“A sound heart and a deformed conscience come into collision and conscience suffers a defeat,” these words are the very description of Twain about his book, The Adventures Huckleberry Finn (Doyno, 1991). While the growth of the character’s moral unfolds as he journeys and randomly meets different people and battles with different situations. As an example is his journey down the river where in he goes through a rite of passage from achieving the value of distinguishing a wrong from a right independently.
The story juggles humor, witty vernacular plus a young and uneducated narrator telling about life in the land of Stars and Stripes. Though, many criticize Twain’s novel as unsuitable to some readers, it eventually soared high and was catapulted to the top finding itself in line with the bests in American literature.
After the success of Mark Twain’s children’s book the The Adventures of Tom Sawyer (1876), Twain created the sequel, The Adventures of Huckleberry Finn. Like the first book, the latter pursues a similar roguish type of main character in a one of a kind adventure.
Despite the richness of its themes in book, readers, literary critics and enthusiasts still put in question whether the piece is addressing to a typical American theme with limitless movements and wide possibilities like many novels in Twain’s time. A recurring theme in American literature was the limitless opportunities that one can get by staying in the land of the free. I think that in a way, Twain also challenged that ideal.
Themes and explorations
Narrated by Huckleberry Finn (also called Huck), the story starts with him in the custody of the sisters, Widow Douglas and Miss Watson (Twain 4). The first chapter starts with the themes that concern Twain’s book: the exploration of race, freedom and society. The reader will quickly notice that owning slaves in the town of St. Petersburg is considered a normal part of life.
In the succeeding chapters, Huck tells his tale saying that he fears his father, the alcoholic Pap, will try to get the wealth that he and Tom had found (in The Adventures of Tom Sawyer). In realizing this, he transfers the bunch to Judge Thatcher. This illustrates Huck’s intelligence in the age of thirteen.
Soon his unconcerned father kidnaps and locks him in a far-away cabin but he escapes, living stains of pig’s blood as trail to make his father believe that he has been killed. The ploy was so unbelievable that even all of the townsmen believed he had died. Upon escaping, he finds his path to Jackson’s Island where he meets Jim, Miss Watsons’s run-away slave. He shares most of his travels with Jim in this book.
Freedom and society
Disguised as a girl, Huck goes on shore one night and discovers that people believed that it was Jim who killed him. A reward is put on Jim’s head for his capture. Upon discovering this, Huck and Jim goes down the Mississippi River on a raft which is later thumped by a steamboat. Huck decided to help Jim gain his freedom.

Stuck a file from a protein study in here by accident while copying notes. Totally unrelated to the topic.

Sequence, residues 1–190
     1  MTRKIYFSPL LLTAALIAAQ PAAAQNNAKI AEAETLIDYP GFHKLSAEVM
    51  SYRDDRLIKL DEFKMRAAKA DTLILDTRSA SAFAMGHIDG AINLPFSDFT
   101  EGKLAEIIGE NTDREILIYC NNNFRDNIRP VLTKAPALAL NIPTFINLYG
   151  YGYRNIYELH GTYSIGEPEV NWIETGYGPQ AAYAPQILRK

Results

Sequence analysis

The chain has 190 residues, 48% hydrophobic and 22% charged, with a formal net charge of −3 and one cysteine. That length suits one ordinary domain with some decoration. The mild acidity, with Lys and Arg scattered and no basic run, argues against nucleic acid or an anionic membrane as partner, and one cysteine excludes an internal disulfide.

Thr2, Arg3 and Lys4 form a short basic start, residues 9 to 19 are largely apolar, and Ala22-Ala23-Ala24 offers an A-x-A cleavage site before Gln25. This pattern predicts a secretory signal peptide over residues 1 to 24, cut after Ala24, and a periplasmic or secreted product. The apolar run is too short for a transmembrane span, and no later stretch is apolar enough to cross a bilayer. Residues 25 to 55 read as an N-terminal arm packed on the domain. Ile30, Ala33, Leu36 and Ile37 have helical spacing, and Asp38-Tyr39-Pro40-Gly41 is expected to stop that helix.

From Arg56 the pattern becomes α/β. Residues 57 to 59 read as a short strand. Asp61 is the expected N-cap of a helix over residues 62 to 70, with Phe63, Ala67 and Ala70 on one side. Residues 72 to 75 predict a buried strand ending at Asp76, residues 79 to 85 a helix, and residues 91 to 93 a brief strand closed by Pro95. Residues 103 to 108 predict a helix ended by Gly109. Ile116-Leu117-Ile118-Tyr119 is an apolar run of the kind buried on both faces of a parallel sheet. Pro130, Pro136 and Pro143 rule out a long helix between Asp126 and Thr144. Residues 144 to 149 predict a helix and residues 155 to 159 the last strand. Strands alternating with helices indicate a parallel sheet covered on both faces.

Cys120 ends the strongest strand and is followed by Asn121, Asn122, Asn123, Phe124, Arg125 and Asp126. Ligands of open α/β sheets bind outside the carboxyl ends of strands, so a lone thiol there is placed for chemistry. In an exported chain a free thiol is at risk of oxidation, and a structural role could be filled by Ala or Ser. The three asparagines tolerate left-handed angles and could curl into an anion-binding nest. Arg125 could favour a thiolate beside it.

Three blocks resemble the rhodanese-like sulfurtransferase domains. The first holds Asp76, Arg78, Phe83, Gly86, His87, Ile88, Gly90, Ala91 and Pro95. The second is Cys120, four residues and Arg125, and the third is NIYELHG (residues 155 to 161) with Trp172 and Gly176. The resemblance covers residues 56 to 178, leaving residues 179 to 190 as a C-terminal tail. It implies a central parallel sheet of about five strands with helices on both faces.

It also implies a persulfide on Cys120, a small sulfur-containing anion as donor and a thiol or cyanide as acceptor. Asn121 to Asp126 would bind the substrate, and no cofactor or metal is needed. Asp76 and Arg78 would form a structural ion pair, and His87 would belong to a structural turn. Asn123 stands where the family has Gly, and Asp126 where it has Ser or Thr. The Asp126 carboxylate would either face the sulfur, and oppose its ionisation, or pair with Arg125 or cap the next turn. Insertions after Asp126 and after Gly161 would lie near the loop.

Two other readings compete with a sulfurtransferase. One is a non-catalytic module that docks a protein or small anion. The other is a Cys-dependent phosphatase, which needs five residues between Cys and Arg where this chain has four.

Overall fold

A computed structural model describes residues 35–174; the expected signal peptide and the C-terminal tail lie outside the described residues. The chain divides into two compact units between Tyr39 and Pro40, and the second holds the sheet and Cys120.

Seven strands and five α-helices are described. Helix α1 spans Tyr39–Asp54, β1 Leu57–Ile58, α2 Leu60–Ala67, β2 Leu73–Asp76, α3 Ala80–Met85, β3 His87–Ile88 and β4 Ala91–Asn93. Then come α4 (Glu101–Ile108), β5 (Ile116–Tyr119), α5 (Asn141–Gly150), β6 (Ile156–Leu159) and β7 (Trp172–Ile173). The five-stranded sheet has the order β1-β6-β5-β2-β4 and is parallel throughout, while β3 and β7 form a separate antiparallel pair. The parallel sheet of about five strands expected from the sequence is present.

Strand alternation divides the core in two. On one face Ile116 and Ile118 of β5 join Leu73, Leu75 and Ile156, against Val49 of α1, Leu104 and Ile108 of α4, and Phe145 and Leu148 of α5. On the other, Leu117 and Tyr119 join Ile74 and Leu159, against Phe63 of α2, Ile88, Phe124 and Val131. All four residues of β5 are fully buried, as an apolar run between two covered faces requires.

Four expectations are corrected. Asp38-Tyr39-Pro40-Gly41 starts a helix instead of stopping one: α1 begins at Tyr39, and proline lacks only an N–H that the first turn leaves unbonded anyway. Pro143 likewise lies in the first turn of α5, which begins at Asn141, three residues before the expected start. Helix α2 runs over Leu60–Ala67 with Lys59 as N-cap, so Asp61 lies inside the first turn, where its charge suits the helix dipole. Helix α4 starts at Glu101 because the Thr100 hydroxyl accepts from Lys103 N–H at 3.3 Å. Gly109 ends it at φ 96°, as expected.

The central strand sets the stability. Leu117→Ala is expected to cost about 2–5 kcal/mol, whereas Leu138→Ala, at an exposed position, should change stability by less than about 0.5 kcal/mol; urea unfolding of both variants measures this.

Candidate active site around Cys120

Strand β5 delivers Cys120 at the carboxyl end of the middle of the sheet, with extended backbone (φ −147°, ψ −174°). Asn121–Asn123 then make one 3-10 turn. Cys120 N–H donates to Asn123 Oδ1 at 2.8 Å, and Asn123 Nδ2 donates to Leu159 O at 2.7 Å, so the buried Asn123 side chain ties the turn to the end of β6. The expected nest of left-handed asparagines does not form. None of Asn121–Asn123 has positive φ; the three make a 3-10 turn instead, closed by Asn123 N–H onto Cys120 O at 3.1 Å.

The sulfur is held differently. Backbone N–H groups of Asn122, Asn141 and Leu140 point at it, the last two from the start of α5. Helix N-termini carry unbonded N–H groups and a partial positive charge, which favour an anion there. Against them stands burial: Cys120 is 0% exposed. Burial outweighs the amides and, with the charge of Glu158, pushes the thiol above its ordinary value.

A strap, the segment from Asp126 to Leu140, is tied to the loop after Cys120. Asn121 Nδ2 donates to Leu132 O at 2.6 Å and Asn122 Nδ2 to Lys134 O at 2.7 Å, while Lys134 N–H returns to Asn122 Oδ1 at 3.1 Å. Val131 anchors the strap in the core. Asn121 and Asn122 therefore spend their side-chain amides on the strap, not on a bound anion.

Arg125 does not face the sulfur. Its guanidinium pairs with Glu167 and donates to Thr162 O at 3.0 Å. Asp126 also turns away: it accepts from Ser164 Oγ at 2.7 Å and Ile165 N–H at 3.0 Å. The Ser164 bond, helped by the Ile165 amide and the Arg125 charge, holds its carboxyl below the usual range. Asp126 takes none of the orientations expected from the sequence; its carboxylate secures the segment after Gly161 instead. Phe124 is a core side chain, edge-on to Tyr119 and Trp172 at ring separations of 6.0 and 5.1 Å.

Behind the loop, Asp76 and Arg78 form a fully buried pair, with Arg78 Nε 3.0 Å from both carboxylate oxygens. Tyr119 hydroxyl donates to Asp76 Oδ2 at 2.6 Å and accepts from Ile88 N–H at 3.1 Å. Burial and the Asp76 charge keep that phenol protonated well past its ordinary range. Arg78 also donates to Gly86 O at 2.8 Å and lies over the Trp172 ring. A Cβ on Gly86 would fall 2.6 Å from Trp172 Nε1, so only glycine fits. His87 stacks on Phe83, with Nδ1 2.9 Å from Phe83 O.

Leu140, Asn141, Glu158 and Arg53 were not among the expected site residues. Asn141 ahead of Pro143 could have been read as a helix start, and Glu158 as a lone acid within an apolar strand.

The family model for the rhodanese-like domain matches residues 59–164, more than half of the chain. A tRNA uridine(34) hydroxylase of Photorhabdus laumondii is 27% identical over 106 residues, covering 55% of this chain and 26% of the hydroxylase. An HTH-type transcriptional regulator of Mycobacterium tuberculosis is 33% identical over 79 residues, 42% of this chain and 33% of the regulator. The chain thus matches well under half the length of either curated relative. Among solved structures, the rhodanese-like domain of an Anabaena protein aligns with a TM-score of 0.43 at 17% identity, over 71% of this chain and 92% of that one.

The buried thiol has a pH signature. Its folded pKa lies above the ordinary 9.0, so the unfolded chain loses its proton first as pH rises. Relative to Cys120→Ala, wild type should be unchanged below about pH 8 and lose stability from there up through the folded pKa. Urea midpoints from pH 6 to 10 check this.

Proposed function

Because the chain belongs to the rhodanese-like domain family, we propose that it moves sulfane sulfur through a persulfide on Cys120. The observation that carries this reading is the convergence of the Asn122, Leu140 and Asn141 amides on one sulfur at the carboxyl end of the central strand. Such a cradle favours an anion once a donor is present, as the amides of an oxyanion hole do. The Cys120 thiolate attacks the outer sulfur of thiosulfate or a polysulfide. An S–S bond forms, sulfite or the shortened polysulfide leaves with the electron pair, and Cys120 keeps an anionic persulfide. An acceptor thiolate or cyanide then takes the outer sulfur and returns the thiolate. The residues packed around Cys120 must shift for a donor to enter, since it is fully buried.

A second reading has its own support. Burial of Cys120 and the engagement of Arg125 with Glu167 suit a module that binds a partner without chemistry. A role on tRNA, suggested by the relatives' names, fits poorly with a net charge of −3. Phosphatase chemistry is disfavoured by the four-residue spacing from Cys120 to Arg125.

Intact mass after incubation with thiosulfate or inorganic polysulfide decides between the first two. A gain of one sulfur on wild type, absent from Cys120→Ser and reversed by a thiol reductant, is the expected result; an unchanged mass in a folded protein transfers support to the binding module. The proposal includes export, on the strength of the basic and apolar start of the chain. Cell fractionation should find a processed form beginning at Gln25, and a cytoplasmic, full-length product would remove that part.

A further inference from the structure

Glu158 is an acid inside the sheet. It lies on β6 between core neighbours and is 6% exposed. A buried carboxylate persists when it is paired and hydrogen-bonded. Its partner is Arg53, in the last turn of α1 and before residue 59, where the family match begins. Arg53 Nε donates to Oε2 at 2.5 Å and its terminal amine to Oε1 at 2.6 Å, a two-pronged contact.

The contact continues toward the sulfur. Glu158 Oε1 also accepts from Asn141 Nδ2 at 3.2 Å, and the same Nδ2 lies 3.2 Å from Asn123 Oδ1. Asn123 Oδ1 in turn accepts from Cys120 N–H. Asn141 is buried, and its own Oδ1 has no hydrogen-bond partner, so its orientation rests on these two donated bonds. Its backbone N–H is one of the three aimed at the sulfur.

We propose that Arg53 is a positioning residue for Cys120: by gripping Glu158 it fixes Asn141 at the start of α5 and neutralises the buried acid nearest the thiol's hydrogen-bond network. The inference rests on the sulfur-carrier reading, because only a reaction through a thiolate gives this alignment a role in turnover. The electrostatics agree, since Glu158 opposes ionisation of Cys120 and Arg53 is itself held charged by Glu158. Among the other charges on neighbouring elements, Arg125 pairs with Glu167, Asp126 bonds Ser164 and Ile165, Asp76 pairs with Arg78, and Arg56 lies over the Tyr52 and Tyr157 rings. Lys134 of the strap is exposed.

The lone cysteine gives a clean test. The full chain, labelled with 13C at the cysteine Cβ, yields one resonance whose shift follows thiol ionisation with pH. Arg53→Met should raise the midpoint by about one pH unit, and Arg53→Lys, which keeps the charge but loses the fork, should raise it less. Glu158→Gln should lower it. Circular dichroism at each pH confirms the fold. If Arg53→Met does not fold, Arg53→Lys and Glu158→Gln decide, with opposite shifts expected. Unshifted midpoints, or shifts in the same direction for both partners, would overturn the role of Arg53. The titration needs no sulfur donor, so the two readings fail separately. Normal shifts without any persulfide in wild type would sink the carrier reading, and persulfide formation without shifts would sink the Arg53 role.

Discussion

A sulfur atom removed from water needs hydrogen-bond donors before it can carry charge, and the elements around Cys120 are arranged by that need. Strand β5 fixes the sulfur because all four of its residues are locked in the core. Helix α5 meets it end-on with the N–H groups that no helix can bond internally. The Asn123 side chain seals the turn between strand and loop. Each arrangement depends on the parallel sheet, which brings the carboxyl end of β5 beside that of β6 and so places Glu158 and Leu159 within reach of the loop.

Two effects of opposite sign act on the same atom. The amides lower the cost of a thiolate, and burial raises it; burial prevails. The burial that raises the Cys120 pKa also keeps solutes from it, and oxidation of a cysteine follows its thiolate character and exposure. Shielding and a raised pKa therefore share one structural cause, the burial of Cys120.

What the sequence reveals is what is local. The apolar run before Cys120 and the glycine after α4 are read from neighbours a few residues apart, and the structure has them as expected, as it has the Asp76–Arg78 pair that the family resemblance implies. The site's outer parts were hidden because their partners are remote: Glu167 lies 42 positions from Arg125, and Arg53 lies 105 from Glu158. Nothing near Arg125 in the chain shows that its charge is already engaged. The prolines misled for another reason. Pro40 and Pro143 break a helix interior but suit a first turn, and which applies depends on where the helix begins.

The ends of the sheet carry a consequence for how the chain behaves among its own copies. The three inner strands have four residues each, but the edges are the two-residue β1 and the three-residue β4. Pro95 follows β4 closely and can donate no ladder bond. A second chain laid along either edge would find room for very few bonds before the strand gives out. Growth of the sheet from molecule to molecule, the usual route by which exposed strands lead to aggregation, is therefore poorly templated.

What caught my attention is the disparity between living a constricted life on shore and living the liberty rendered by the river. The journey of Huck and Jim has been very symbolic especially in touching social issues like corruption and disapproval of civilization which become breeding grounds for greed and dishonesty—the same reasons for the destruction of innocence and purity and the enslavement of humanity. I think that Twain really illustrated what it was like for unfortunate people during that time.
Huck grew up without a family and I think that it was normal that he showed some surprise towards Jim's deep feelings for his own family. In the book, he expresses his astonishment with the quote, "I do believe he cared just as much for his people as white folks does for their'n. It don't seem natural, but I reckon it's so” (Twain 261).
Race and slavery
I also notice the recurring theme of slavery and freedom which was during that time, a very sensitive issue. In the novel, Twain showed how Jim tried to get away from Huck’s aunt so he will not be sold to another master who lives by the river. What struck me was that, it was very easy for people during that time to sell and replace their slaves like they were mere toys and properties. Jim demonstrated that he was human by getting away and trying to buy his freedom.
One of the most discussed issues in the books was about race. The stand of the book regarding the issue is unclear. Though Huck came to respect Jim as a human being toward the end of the story, Huck is still prejudiced towards black people in general.
Jim was character who came ambiguous and described differently by critics. The character was said to be a thwart for Huck’s exploits, a father figure or a potential homosexual partner. Some would say that the character is a racial typecast. Twain stereotyped Jim within the context of Twain’s time. Jim was illustrated as superstitious; he also talks with the Negro slave dialect (Ellison 422).
This was also one of the reasons why the book was seen as racist in the 1990s up to this day. During the hundredth anniversary of its publication in 1985, The Adventures Huckleberry Finn was published in new editions adding to it some bibliographies and critical appraisals making it more suitable for readers especially for students and literary critics and enthusiasts. But a lot more questions about the book being racial were raised roughly these times. Some public schools even banned the book in their list of required readings. The critics especially of African-American decent constantly challenge the novel’s reputation as an American classic. And the debate goes on even the novel has taken new heights.
I think that though Twain used a negative stereotype in his characterization of Jim, he also shows the audience Jim’s humanity behind the stereotype. I would say Jim was portrayed to expose pretense and prejudice of southern autonomy.
Conscience and moral obligations